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During a sticky patch in her marriage forty-something Anna spends a summer holiday with her friends Verena and George at their Tuscan villa but hangs out with the couple's teen-aged children and their cousin Oakley, with whom she goes skinny-dipping and sight-seeing. When the youngsters prang a borrowed car and Anna tells George how it happened, causing a huge scene with his elder son, the kids turn against her. Observing family life as an outsider - unrelated - Anna ultimately comes to be grateful for what she has got.Written by
don @ minifie-1
This is a hugely impressive debut by writer/director Joanna Hogg. It is an uncomfortably realistic film in that you feel at times that you are being a voyeur and eavesdropper at real events. That the characters are so realistic is a tribute to Hogg's skills and to the quality of the actors. In that respect I was reminded of Mike Leigh who also makes movies that really do seem to intrude upon and depict the real world. In a sense, of course, not all of us go to see movies to see life at its most real and (in this case) in the raw. There is nothing escapist or improbable about the unfolding of events in Unrelated nor are any of the characters unlikely depictions either. More's the pity for a more ghastly bunch of arrogant, insular, selfish sons and daughters of privilege it would be hard to find. Not too hard actually in honesty for this type of English man and woman is all too commonly seen in the leafy suburbs and the Tory Blue counties. Here they are summering in Tuscany with a holiday lifestyle as empty as it is privileged. So empty that they resort to infantile games to pass the time between meals and indulge in banter that suggests that they have libraries in inverse proportion to their wealth which is considerable.
There are two main themes. First the battle between the "olds" the forty-something adults and the younger set in their late teens. Key conflict is that between George, a prosperous prat with a high regard for himself and a low regard for his son Oakley with whom he has an alpha-male contest. The second theme is that of the lonely, confused and menopausal visitor Anna and how she relates as something of an outsider to the rest of the party. She is going through a crisis with her husband who was supposed to accompany her to Italy but who in the end stays at home. Does she want to leave him, he her or do they both want a new start or to "try again"? The unfolding of this happens as we listen in to one side, Anna's, of a series of stressed mobile phone conversations. Anna is clearly something of a "poor relation" to the main characters who are wealthier and for self-assured than she is albeit in a repulsively conceited way. This applies especially to Oakley who is attractive in a pre-Raphaelite sort of way and for whom Anna quite soon has urges not withstanding the full generation gap in age between them. There is a trip to Sienna during which Anna certainly flirts self-consciously with Oakley and maybe he with her we cannot be sure of his motives, until later.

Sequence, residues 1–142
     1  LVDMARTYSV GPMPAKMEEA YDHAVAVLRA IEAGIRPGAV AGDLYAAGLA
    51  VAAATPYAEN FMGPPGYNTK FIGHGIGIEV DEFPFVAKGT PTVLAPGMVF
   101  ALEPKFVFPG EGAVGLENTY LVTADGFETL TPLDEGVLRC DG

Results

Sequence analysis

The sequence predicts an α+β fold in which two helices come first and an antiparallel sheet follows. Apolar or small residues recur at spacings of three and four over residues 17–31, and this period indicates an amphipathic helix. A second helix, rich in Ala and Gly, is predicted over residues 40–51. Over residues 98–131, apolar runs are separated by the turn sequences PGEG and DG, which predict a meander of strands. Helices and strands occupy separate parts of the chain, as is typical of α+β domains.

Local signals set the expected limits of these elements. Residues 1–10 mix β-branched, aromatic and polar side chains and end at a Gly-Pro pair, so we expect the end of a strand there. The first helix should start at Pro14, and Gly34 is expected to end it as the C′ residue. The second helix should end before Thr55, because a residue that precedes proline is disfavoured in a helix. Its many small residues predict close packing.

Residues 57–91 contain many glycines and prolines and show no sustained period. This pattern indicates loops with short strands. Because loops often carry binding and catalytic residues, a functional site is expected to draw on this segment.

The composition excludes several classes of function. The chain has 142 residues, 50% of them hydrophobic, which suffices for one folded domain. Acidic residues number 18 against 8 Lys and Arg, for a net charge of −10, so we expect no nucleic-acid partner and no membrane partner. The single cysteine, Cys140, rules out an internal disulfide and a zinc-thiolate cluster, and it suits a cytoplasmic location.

Joanna Hogg films the whole story in a cleverly under-stated way. Even the lovely Tuscany countryside and the beauties of Sienna are toned down by the use of a gentle filter at no time are we in a travelogue in "Unrelated". The climax of the film is an event which could have been serious, but actually wasn't. When George works out what happened in this event he blows his top in an overemotional way with Oakley who he blames for what occurred. It is a pretty nasty scene which we hear but do not see - a very clever device that further enhances the verisimilitude.
Is "Unrelated" a film with a "cause" to promote? Probably not unless it is to confirm that at its most supercilious and uncaring man's nature is pretty malicious. We know that before we see the film of course, but what the film succeeds in doing is to show that a group of people who would probably regard themselves as being educated and enlightened are in fact hypocritical, selfish and irredeemably self-centred especially in their treatment of their visitor who is subjected to the minimum of courtesy and the maximum of patronising contempt. Anna is the only character we care about and we do feel sorry for her and there is some satisfaction that at the end of the film it is she, after the revelation about what has caused her current melancholy, looks to have some resolution in her life. And the rest of the party move on, no doubt unaware of Anna's turmoil, and back to a world at home in leafy England where they can parade and pomp about how "heavenly" Tuscany was again.
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